In February 2016, the 19th Ordinary Meeting of the Contracting Parties to the Barcelona Convention (COP19) adopted the Mediterranean Strategy for Sustainable Development (MSSD) 2016-2025, as a strategic guiding document for all stakeholders and partners to translate the 2030 Agenda for Sustainable Development (2030 Agenda) at the regional, sub-regional and national levels. The MSSD provides an integrative policy framework for securing a sustainable future for the Mediterranean region consistent with the Sustainable Development Goals (SDGs). The MSSD recognizes climate change as a priority issue for the socio-economic development and environmental sustainability of the Mediterranean and calls for increasing scientific knowledge, raising awareness, and developing technical capacities to progress towards a green, low-carbon and climate-resilient Mediterranean region. The Flagship Initiative for the MSSD Objective 4 (Addressing climate change as a priority issue for the Mediterranean) recommends “the establishment of a regional science-policy interface mechanism (…)with a view to preparing consolidated regional scientific assessments and guidance on climate change trends, impacts and adaptation and mitigation options”. MedECC directly contributes to this MSSD Flagship Initiative. The Mediterranean Commission on Sustainable Development (MCSD) is the advisory body that assists the Contracting Parties to the Barcelona Convention to integrate environmental issues in their socioeconomic programmes and to promote sustainable development policies in the Mediterranean region. As a forum for debate and exchange of experiences, the MCSD is unique in its composition as it gathers on an equal footing government and local authorities representatives, socio-economic actors, civil society/NGOs, IGOs, scientists, and Parliamentarians. The MCSD is a key structure within the MAP-Barcelona Convention system for supporting the development, implementation and monitoring of the MSSD. Plan Bleu is the UNEP/MAP Regional Activity Center in charge of activities aiming to support the MSSD implementation and monitoring.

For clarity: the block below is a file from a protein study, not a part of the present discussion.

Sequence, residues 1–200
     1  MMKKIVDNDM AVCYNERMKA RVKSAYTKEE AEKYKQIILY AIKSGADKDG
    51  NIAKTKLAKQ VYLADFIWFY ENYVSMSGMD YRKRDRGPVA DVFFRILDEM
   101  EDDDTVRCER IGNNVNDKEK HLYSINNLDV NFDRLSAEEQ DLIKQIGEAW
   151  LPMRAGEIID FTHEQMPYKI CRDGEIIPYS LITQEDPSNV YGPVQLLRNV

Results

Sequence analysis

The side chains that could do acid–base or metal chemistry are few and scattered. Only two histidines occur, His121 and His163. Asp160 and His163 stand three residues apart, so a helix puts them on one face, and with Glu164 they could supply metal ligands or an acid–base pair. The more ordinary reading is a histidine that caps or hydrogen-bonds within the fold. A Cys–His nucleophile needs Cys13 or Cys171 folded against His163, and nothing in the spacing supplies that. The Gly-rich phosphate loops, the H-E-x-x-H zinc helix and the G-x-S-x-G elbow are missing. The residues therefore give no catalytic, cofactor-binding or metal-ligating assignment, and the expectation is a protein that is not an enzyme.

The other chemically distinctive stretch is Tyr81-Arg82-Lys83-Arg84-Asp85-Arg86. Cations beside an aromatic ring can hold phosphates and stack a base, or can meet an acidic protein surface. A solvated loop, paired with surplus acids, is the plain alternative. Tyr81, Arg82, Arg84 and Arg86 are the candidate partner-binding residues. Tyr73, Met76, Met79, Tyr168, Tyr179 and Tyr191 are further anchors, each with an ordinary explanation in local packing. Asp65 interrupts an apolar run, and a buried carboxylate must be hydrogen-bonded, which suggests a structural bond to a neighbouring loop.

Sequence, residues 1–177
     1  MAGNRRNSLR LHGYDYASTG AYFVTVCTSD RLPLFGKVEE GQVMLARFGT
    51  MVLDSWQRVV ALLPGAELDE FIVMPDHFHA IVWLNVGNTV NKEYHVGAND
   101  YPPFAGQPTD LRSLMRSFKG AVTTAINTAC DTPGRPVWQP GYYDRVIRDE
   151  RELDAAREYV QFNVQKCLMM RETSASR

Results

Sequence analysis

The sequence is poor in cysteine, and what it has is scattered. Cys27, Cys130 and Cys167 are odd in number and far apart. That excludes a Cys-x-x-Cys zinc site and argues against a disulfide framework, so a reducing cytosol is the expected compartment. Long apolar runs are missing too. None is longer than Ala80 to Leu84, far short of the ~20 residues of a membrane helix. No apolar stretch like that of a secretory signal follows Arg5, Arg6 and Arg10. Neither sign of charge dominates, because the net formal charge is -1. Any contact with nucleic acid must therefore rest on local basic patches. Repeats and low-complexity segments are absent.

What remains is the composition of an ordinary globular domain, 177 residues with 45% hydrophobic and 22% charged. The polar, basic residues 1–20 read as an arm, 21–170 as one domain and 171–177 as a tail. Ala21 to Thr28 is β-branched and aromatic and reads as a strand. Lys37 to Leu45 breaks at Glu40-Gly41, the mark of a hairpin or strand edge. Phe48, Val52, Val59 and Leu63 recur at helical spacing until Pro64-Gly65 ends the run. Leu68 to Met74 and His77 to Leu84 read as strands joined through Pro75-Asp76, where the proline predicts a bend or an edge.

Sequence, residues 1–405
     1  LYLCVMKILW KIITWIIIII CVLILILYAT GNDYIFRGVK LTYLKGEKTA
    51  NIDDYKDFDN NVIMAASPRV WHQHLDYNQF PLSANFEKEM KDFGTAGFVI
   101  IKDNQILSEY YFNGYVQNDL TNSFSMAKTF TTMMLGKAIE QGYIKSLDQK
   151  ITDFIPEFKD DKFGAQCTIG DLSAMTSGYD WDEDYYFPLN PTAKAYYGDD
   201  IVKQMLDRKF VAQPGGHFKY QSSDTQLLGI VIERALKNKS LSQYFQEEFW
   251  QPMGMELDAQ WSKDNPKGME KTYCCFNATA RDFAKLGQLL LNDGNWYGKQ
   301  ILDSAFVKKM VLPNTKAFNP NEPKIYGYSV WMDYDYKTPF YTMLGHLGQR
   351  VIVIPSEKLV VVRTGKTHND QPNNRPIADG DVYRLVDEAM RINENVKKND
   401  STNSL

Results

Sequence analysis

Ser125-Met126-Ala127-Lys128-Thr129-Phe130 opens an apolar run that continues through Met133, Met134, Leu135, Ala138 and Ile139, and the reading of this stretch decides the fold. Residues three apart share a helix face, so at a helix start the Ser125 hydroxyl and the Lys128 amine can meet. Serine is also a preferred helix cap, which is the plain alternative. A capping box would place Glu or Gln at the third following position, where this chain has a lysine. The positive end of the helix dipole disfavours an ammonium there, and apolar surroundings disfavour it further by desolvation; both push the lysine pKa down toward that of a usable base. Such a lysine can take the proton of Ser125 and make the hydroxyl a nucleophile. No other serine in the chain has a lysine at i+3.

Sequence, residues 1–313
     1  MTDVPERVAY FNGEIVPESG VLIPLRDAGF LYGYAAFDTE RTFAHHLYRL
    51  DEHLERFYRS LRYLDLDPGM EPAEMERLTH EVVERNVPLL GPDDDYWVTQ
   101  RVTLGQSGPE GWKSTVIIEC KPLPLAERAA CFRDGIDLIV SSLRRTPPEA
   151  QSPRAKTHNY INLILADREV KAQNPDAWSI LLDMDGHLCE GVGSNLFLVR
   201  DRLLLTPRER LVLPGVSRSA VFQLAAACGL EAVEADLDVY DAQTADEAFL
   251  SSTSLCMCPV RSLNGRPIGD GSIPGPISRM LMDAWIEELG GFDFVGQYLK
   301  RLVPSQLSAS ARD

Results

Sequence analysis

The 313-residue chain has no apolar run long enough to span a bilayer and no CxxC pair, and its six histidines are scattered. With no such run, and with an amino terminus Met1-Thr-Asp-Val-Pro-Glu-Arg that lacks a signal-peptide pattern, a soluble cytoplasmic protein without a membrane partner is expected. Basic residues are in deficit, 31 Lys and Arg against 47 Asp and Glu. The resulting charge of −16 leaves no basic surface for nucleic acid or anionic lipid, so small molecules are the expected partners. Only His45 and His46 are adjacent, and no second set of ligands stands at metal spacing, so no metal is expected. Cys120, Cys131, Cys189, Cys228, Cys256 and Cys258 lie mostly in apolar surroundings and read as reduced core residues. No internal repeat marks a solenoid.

The need of robust science-policy interfaces in the Mediterranean has also been stated in the Regional Climate Change Adaptation Framework for the Mediterranean Marine and Coastal Areas (UNEP/MAP) approved by the Contracting Parties to the Barcelona Convention in 2016.

The Union for the Mediterranean (UfM) is an intergovernmental institution created in 2008 and bringing together all 28 countries of the European Union and 15 countries of the southern and eastern Mediterranean. UfM’s mission is to enhance regional cooperation, dialogue and the implementation of projects and initiatives with tangible impact on citizens, addressing three strategic objectives: stability, human development and integration. The UfM Climate Change Expert Group (UfM CCEG) was established at the first UfM Ministerial Meeting on Environment and Climate Change in May 2014 in Athens, Greece. During this meeting the Ministers acknowledged an urgent need to address the impact of climate change in the Mediterranean region and shift towards sustainable consumption and production patterns for a green and low emission economy. The role of the UfM CCEG is to advance discussion on climate change priority actions and accelerate the identification and development of concrete projects and initiatives. The UfM Ministerial Declaration of Athens expressed the need for a Mediterranean regional vulnerability assessment regarding climate change impacts.

MedECC flyer (November 2018)

Download the MedECC concept note (July 2016)

Download the 2-page leaflet about MedECC, distributed during COP21 in Paris (December 2015)